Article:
The Value of Presence
The reality, though, is that institutions can be much more than just information delivery mechanisms. Instructors and learners still have many reasons to gather together in one place. For one thing, there are some forms of instruction that actually have a physical component. We can learn a great many things with our eyes and ears, but olfactory, kinetic, and gustatory learning can still be relevant, and virtual media don’t accommodate that particularly well.
Science labs, sports camps, and pottery classes all incorporate physical bodies in ways that an instructional video can’t simulate. A cooking class or wine-tasting class is far less effective if you can’t share tastes. It’s not necessarily impossible to teach welding, joinery, or fly fishing with a video, but it is harder.
Institutions can also offer us holistic community experiences that depend on presence. A lecturer on a screen can explain the water cycle, Xeno’s paradox, or the logic of prisoner’s dilemmas. If we think of education as soulcraft, however, then it will be clear that it needs to happen within communities, which should shape and habituate students in accord with a shared ethos. For some people, homeschooling seems like the ideal way to do that, since it offers parents the freedom to turn their households into the sorts of educational communities that they want their children to experience. This may be a good choice for some people, but even at the k-12 level, it seems likely that most parents will prefer to get some help, given how much structure and supervision most children need in order to learn. Beyond that, there are many potential benefits to involvement in a broader community, especially if that community respects the integrity of family life, while also seeking to add something of value. From that standpoint, a brick-and-mortar school is extremely valuable, as a center for both instruction and community life. Still, these experiments in virtual learning will at least make parents more aware of the options. We don’t have to accept whatever our local government offers us. Given the wide range of resources available, we can look for ways to enable our kids to learn within communities that will form habituate them in the ways we would want.
University life should be evaluated in the same way. If a university offers a wholesome intellectual community, ordered towards the acquisition of knowledge and the attainment of wisdom, that might justify a strong measure of public support. If the point is just to learn how to use spreadsheets or calculate phase distribution ratios, there are more efficient and cost-effective ways to do that. Especially if coronavirus pushes us into a major and extended economic recession, some institutions will surely collapse, and it may seem for awhile as though opportunities for the young are rapidly dwindling. After the collapse though, there will be a period of rebuilding, during which we’ll get the chance to ask: where do we want young people to learn? What sorts of communities do we want for them? How can we prepare them to contribute to the economy, while also forming them as complete human beings?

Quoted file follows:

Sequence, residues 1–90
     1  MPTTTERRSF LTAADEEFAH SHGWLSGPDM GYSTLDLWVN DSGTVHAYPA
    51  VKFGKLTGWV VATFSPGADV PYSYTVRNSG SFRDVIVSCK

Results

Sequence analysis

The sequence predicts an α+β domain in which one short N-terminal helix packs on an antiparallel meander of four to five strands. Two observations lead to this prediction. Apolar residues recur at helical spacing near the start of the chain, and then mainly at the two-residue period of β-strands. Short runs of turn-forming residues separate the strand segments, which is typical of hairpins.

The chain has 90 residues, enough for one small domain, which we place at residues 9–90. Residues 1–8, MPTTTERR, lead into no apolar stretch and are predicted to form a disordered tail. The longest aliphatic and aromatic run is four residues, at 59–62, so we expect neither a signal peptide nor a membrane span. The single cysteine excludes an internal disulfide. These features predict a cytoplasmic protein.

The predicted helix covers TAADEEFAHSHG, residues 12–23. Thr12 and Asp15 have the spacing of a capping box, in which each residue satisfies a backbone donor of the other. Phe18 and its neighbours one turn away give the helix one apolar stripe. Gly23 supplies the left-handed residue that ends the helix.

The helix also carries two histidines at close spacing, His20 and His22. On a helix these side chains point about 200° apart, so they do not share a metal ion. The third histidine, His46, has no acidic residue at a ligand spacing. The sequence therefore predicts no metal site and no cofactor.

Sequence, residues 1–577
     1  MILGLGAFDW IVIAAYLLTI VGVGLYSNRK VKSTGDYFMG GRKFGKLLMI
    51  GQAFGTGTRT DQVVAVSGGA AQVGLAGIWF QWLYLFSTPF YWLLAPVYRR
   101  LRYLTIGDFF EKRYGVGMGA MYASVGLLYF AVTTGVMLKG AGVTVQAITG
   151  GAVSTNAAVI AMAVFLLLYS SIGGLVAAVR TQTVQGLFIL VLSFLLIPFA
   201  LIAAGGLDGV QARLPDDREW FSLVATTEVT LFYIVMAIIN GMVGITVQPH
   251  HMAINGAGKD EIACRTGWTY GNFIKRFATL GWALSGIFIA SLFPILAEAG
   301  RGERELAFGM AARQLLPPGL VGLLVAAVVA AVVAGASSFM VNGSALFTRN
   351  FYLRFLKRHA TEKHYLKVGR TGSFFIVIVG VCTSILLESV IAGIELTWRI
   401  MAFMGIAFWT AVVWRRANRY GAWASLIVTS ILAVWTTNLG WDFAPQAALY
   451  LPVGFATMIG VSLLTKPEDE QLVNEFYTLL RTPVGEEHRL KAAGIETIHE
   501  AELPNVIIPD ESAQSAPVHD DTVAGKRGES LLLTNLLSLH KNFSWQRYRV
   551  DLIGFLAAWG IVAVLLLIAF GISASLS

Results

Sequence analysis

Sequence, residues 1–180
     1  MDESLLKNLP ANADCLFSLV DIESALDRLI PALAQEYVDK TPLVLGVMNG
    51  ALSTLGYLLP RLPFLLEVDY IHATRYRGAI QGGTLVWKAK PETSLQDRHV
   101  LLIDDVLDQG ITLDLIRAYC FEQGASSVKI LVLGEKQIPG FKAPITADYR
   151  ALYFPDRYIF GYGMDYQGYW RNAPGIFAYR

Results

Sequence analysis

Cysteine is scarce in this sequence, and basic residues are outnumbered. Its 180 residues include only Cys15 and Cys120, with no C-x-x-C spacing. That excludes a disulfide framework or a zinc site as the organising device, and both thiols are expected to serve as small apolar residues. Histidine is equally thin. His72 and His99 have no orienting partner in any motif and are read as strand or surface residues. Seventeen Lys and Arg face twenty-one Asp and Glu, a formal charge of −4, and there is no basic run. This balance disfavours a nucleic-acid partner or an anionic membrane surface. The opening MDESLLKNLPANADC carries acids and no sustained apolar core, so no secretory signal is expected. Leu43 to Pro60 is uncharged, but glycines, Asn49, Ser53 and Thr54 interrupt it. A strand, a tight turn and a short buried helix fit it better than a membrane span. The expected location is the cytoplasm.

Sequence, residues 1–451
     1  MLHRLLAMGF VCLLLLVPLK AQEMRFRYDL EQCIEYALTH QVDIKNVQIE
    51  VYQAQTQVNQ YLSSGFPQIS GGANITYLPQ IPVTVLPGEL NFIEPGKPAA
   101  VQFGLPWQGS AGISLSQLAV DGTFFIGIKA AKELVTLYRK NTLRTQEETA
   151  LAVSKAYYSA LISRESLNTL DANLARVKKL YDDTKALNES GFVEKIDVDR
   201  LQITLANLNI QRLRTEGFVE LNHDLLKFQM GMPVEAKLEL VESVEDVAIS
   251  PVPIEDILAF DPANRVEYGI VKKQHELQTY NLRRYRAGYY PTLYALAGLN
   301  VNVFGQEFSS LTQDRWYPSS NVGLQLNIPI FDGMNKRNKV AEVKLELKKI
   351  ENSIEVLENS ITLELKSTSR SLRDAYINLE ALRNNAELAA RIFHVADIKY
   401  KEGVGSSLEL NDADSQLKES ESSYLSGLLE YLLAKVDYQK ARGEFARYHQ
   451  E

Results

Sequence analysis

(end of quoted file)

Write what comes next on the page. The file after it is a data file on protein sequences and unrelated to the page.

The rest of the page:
By the grace of God, the coronavirus has mostly spared the lives of children around the world. They will surely be affected in other ways, however. Some, regrettably, will fall far behind in their studies, perhaps never fully managing to make up lost ground. Others may be inspired to become epidemiologists, waging a new war on infectious disease. Some will remember “Plague Break” as a happy time when their parents pulled out the art books and dusted off binoculars, tool kits, or musical instruments. Family life may be rejuvenated, and new hobbies and interests will be discovered. We should recognize that many blessings can come out of this period of withdrawal, even as we prepare ourselves to grieve the losses.
Planning for the Future
For leaders of educational institutions, this is a time for thoughtful reflection, and strategic planning. Now, more than ever, it is important to understand that it will not be enough in the future to set up a row of hoops, and certify that young people have jumped through them. Utilitarian appeals to “employability” have some allure in our time, but institutions are likely to regret putting all their eggs in the “marketable skill” basket. If your school isn’t engaging in soulcraft, it’s racing against the machine. Machines are fast. COVID-19 is showing us just how fast they can be.
In the years to come, we should hope to see a great deal of exploration and experimentation. We can start thinking in new ways about the optimal points of intersection between pedagogy, community life, and intellectual life. Disruption always carries costs and the coming months and years will likely be difficult. Over the longer run, though, we may have some cause to be grateful that a global calamity forced us to learn how to carry the one.